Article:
- Technical Brief
History of the DVR
The Two Original Contenders
A DVR, as it is simply known today, is a Digital Video recorder. It is a device or application software that allows the user to record video in a digital format to any media storage device, but most frequently, to a hard drive. To most people, The DVR is the greatest invention ever but to the major Television networks, when the DVR came out, this was a serious threat because it made it even easier than the VCR for Viewers to watch TV with commercials on their own time vs. when the network scheduled it. The first DVRs were introduced in January 1999 during the Consumer Electronics Show in Las Vegas by ReplayTV and Tivo. Anthony Wood, Founder of ReplayTV and Jim Baton along with Mike Ramsay, cofounders of Tivo, are all credited with the invention of the DVR. But in March of 1999 it was Tivo to deliver the first DVR ever in the world to homes across America. This was due to Mike Ramsey’s challenge to the company by saying that Tivo would be ready to mail out by the 1st quarter. At that point in time Tivo still had another four to six months before the device actually would be ready but with a heavy push and sleepless night by the engineers and the rest of the company Tivo was able to meet there mark. This effort to push out Tivo was called “Blue Moon” because coincidently the release date was during a “Blue Moon”, which is somewhat of a rare occurrence. A Blue Moon is an occurance when a second full moon during the same month and Tivo adopted it as part of their history.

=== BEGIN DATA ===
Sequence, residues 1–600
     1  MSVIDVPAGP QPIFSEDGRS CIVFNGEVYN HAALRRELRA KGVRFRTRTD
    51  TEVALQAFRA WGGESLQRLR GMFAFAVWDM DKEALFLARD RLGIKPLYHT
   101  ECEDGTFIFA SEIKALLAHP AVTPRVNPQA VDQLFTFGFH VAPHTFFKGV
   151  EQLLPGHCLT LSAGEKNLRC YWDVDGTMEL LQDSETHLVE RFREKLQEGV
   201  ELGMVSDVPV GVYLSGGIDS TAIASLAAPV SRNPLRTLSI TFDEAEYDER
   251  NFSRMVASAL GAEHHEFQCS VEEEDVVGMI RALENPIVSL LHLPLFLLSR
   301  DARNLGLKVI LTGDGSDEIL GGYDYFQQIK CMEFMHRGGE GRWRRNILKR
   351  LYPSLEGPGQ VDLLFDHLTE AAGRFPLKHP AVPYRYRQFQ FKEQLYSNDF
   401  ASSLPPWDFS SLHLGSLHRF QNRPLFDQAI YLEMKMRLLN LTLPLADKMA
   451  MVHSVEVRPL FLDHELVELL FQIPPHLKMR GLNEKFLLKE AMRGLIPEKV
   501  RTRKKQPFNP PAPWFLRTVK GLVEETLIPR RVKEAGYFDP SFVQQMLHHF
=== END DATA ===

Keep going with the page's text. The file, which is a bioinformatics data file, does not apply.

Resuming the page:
The Fall of ReplayTV